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their hope they are imperfect, in their love they are imperfect; they are imperfect in every thing. Even the apostle Paul felt it, though he had been "caught up to the third heaven' we know in part;" and if he said so, well may we say so. Look at any one truth-look at the incarnation, look at the atonement, lock at the glorious righteousness, look at the "covenant ordered in all things and sure;" look at any one of these-how little do we know of them! Surely, we seem to stand on the threshhold of truth, rather than to enter into the length and breadth of it. We know indeed but in part. Look at even that great man of God, the apostle Paul; he sometimes trembled" I was with you in weakness, and fear, and in much trembling.' And an especial message was sent to him, saying, "fear not, Paul." I think all our commentaries] seem mightily concerned to persuade us that the apostle was not afraid; I believe he was afraid, for if he was not afraid, wherefore the necessity of saying, "fear not?" We must not deify the apostles; they were 66 men of like passions with ourselves;" they had their weaknesses and their faintings too. And remark too, lest the heart of Paul should be cast down, Titus was sent to him-"God that comforteth those that are cast down, comforted us by the coming of Titus." If I see him disputing with Barnabas, was there not a deficiency of love? was there not a deficiency of patience? It is, therefore, for the saints of God, though they be imperfect, and because they are imperfect-it is for them that we are commanded to pray. My dear hearers, they are believed to be saints of God. In these days you will find this question much mooted, To whom were these epistles sent? It was to the saints of God; not to national saints,they would not understand them; but to the true saints of God. It was to those who had been called by sovereign grace out of nature's kingdom into the kingdom of grace. How this ought to weigh on the hearts of many, who perhaps take rather a different view from myself on this point! Put this epistle to the Ephesians into the hands of these national saints, and ninety-nine out of a hundred of them will not understand it; and I would say-and I would say it with humility and meekness, put this epistle into the hands of the saints of God in this Church, and if ninety-nine out of a hundred of them did not understand it, it would be to me one of the greatest wonders. 1 do not say they would understand the whole of it, for who is he that does ?-not he who preaches, undoubtedly; but they would have a true, real, and spiritual perception of what the reality of this epistle is, and of the truths contained in it.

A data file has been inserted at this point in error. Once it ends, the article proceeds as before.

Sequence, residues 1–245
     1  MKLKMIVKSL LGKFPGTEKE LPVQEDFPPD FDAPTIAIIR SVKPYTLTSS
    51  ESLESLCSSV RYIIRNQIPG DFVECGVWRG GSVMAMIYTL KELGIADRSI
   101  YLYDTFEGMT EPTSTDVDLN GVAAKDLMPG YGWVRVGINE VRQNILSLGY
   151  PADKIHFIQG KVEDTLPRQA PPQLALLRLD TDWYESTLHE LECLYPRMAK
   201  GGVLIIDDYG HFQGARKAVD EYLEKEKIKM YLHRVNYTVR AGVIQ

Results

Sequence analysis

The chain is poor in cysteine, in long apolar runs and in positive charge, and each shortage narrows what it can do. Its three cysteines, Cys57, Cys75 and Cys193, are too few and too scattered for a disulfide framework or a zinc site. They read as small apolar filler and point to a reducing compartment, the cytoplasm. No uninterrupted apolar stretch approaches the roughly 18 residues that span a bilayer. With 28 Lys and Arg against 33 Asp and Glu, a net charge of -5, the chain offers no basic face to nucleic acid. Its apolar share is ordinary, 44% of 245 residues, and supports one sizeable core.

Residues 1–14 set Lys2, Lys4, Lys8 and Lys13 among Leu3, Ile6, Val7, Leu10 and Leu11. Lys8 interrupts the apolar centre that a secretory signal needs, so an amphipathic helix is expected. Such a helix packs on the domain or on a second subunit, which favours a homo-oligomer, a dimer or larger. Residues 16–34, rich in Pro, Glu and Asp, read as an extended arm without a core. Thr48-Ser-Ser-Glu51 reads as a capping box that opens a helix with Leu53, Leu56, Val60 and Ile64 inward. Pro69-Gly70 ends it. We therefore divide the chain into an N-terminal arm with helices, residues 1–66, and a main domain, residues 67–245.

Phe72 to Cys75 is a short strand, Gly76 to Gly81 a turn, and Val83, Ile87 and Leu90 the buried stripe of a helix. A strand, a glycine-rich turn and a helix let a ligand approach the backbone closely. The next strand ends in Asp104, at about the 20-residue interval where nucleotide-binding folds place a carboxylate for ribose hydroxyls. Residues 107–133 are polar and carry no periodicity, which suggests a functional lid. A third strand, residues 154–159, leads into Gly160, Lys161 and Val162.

Oh! my dear hearers, it is the saints of God for whom we are to pray; however feeble the impression may be, however weak, however little, however small their faith, yet if they love Him, we should love them and pray for them. Therefore, when you read the expression "for all saints," remark, that it takes in not only some but all; not merely some of them who are the nearest to us, the

dearest to us, and the closest to us; not merely those whom we think the most conscientious, and the most devoted, the most spiritual, and the most holy; but also those in whom we see great blemishes. If we do but perceive in them the handwriting of God; if we do but perceive in them the broad mark; if they love Christ, and hate sin; however confused their minds, however at times we may find them drooping on their way; then the Lord enjoins us to pray for them. There is a tender tie that binds us together, and we should show the reality of it by our supplication on their behalf.

We have here a clear token of what is our duty, considering we are "members of one body." Observe how that is set forth in the fourth chapter and the sixteenth verse: "from whom the whole body fitly joined together and compacted by that which every joint supplieth, according to the effectual working in the measure of every part, maketh increase of the body unto the edifying of itself in love." The weakest member has as much interest in the body as the strongest ; and whether the members touch one another or not, if the least member of my body suffers, the whole body suffers. So wherever we see the true membership, whether severed from us, at a distance from us, whether the church be near or distant, however that may be, we are to pray for them, and to pray earnestly for them. Ah! beloved, did we but feel the close and tender tie! Did we more enter into that great truth, 'why, the same love that loves them loves me!' God knows no difference in His love; there is as much done for the weakest as for the strongest; it cost the incarnate God His blood to redeem their souls from eternal wrath; each one of God's saints is a temple of the Holy Ghost; there is the same breastplate for the weakest as for the strongest; they are all borne on the shoulders, and they are all borne on the heart of the great High Priest. The very sameness of the desert too through which we are passing, the sameness of our enemies, the sameness of our friends, the sameness of our consolation, the sameness of our prospects, the sameness of our election, ought to endear us one towards another, and ought to draw us out in all love and prayer the one for the other. So, beloved, the very gifts that I see in my brother ought to endear him to me; the very grace that I see in him ought to endear him to me; the very trials that we have to pass through ought to endear him to me. And if God has strait